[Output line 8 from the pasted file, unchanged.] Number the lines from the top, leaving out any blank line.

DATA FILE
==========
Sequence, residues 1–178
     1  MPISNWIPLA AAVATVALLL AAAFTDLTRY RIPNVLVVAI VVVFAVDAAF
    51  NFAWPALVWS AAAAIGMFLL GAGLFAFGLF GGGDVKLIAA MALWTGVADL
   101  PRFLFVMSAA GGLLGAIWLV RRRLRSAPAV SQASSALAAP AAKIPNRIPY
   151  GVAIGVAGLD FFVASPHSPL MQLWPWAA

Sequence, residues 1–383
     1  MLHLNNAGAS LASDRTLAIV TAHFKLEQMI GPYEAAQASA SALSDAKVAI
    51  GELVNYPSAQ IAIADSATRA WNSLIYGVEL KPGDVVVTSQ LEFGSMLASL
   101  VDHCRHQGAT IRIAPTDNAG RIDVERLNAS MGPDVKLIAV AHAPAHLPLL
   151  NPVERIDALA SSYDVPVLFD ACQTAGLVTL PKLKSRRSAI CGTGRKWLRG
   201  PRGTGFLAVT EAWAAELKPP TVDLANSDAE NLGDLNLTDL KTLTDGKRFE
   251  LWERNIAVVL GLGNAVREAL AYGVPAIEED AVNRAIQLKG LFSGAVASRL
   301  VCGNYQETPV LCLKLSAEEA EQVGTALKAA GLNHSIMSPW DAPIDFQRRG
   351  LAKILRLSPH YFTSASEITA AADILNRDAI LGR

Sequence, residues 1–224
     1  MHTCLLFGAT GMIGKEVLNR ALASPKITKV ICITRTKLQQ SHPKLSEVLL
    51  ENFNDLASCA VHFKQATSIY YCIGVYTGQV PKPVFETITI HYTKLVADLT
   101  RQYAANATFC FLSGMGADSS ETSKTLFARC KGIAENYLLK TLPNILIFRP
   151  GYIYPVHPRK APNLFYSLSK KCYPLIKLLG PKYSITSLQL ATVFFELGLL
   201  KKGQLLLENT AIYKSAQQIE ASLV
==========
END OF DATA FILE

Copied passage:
    51  GELVNYPSAQ IAIADSATRA WNSLIYGVEL KPGDVVVTSQ LEFGSMLASL